So what does the future have in store for companies like Lendingtree and E-loan? Despite the typical claims from skeptics that online financing will be a flash in the pan, the outlook of the industry is, in general, quite positive. A study conducted in 1999 by Forrester Research titled Credit at the Threshold found that online lending was on the brink of "hypergrowth." According to Forrester, the overall volume of Internet financial transactions will skyrocket by 2003:

...consumers will obtain some nine million loans and credit cards over the Internet, worth almost $167 billion. Mortgages will account for the largest dollar volume: $91.2 billion in 599,000 loans, almost 10% of original originations (up from 1.5% in 1999). (Orr 1)

If such figures can be realized then the Internet may very well solve lenders' greatest problem: the inability to break-even due to the labor-intensive yet competitive nature of mortgage lending in a brick and mortar environment.

Aside from home loans, Forrester also prognosticates a rise in the number of credit cards issued online to one out of every six. Online auto loans are also expected to follow the trend and student loans will soar to an astounding 25% (up from 0.1%).

American Banker, a daily trade publication, can also vouch for the seemingly endless potential of online lending. [It] estimates that in five years, online mortgage origination may account for 25% to 30% of all new home loans (Potwora 1). One private entrepreneur expects online mortgage applications to increase his business by 60%.

The recent bounds made by the online finance industry have been attributed to a multitude of factors. First and foremost, obviously, has been the tremendous rise in computer ownership and Internet access. Consequently, consumers' comfort with computers has been enjoying a very steady increase. Currently, one of the largest segments of online financiers' markets has been baby-boomers who have adjusted to computers. However, lenders are most optimistic about the rise of the next generation. Very soon there will be myriad of young adults who have grown up around this type of interface. It is these consumers that have online lenders most excited.

Yet another explanation for the growing trend to borrow online is a rise in consumers' knowledge of the field. Just as consumers are educating themselves about the stock market and managing their investments online, mortgage applicants are becoming savvy about the borrowing process (Potwora 1). Online lenders have responded to this increased awareness by offering such features as amortization schedules, payment calculators, and current interest rates on their websites.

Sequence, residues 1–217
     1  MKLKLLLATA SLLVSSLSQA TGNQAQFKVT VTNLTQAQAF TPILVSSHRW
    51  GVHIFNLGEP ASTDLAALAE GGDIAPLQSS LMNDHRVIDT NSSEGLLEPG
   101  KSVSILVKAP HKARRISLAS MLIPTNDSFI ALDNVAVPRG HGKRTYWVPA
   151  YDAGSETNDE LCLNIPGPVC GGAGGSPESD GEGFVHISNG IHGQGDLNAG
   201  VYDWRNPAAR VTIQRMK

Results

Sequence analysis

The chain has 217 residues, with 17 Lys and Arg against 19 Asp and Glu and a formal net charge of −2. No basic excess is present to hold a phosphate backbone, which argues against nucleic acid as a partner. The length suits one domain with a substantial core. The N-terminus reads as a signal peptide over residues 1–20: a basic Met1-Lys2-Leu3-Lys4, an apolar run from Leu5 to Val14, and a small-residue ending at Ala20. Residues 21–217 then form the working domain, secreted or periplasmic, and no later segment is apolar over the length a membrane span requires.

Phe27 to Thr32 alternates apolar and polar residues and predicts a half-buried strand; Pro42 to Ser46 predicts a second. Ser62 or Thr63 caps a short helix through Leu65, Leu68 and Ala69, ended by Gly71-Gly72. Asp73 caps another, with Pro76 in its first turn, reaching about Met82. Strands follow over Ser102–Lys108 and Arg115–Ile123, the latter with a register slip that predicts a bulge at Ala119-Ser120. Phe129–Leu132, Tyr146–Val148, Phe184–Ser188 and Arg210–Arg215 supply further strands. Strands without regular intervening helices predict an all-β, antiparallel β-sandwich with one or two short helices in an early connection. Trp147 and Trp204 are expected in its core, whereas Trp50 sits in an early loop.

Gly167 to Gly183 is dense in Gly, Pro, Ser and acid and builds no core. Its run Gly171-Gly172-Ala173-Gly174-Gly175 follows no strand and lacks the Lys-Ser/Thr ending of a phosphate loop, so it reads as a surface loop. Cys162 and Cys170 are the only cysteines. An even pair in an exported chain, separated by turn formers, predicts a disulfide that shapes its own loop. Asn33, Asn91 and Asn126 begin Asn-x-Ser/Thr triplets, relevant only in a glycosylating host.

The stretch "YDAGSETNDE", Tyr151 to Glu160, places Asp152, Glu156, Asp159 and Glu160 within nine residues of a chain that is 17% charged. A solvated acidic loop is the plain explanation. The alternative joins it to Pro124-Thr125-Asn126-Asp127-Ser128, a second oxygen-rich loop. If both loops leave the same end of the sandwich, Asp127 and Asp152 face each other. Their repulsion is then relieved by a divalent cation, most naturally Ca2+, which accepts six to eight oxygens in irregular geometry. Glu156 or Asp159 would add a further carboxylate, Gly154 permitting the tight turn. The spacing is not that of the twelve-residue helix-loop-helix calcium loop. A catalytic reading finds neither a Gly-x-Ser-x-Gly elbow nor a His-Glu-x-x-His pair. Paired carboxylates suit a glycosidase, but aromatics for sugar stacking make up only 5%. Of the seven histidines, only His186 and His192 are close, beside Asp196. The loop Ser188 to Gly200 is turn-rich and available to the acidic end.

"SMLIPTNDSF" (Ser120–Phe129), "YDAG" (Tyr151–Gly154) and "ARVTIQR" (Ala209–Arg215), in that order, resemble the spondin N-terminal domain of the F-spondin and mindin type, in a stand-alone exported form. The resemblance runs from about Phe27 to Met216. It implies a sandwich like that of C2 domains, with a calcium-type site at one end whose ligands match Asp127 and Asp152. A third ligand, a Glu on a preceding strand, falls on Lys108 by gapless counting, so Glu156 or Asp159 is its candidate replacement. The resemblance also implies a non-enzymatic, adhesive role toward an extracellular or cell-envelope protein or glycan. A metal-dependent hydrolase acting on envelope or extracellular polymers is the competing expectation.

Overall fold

Despite the positive growth forecast for online financiers, they still lack one important capability. At the moment, loans can be initiated and originated electronically but they can not, however, be closed on the net. But one company, Eastman Savings FCU, has teamed up with a computer banking services provider called Digital Insight to produce a pilot program that would metapmorphosize online finance. It will be called Axis Online Lending and will streamline the process of obtaining a loan online by creating a channel of information between banking networks and credit union networks.

The biggest departure from the past will be AXIS' ability to retain members' personal financial information when they begin to fill out applications online. At no time would a member have to enter any of his/her checking or savings account information. Their account status would automatically be linked to AXIS' internet banking. Moreover, AXIS will automatically detect non-members on their system and encourages them to become members by quickly sending them a follow-up call from member services.

AXIS' new features represent a large stride by online financiers but turning online mortgage leads into signed applications requires a high dose of user friendliness (Jepson 2). Yet that is precisely what Eastman Savings FCU thinks AXIS will be able to do without the aid of lending experts. In short, AXIS will further allow online lenders to cut costs yet maximize customer service. Soon, borrowers should be able to start and finish the borrowing process from their home without ever speaking to a loan officer.

The ability of online lending to increase profits made by lenders as well as decrease interest rates and fees paid by borrowers is truly remarkable and unprecedented. Moreover, new technologies on the horizon will only fortify the strong following that online lending is developing. Consequently, it seems quite likely that online finance's future will be a bountiful one.

Created byAnthony M. Hill